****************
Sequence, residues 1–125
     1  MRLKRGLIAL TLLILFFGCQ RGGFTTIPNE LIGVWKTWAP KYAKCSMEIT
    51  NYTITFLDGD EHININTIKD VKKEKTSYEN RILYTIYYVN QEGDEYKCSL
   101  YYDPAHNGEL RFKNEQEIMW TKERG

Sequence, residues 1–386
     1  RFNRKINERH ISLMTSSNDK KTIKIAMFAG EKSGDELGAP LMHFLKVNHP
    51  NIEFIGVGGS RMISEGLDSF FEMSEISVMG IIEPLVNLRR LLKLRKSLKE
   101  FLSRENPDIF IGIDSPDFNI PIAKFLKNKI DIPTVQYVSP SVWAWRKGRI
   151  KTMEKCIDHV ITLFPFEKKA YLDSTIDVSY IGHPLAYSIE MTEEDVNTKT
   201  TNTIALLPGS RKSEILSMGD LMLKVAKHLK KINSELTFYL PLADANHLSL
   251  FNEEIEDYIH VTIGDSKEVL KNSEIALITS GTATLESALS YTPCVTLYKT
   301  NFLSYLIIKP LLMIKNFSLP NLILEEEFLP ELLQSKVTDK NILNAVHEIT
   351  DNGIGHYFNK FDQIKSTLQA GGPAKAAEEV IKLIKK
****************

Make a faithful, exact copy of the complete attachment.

Sequence, residues 1–125
     1  MRLKRGLIAL TLLILFFGCQ RGGFTTIPNE LIGVWKTWAP KYAKCSMEIT
    51  NYTITFLDGD EHININTIKD VKKEKTSYEN RILYTIYYVN QEGDEYKCSL
   101  YYDPAHNGEL RFKNEQEIMW TKERG

Sequence, residues 1–386
     1  RFNRKINERH ISLMTSSNDK KTIKIAMFAG EKSGDELGAP LMHFLKVNHP
    51  NIEFIGVGGS RMISEGLDSF FEMSEISVMG IIEPLVNLRR LLKLRKSLKE
   101  FLSRENPDIF IGIDSPDFNI PIAKFLKNKI DIPTVQYVSP SVWAWRKGRI
   151  KTMEKCIDHV ITLFPFEKKA YLDSTIDVSY IGHPLAYSIE MTEEDVNTKT
   201  TNTIALLPGS RKSEILSMGD LMLKVAKHLK KINSELTFYL PLADANHLSL
   251  FNEEIEDYIH VTIGDSKEVL KNSEIALITS GTATLESALS YTPCVTLYKT
   301  NFLSYLIIKP LLMIKNFSLP NLILEEEFLP ELLQSKVTDK NILNAVHEIT
   351  DNGIGHYFNK FDQIKSTLQA GGPAKAAEEV IKLIKK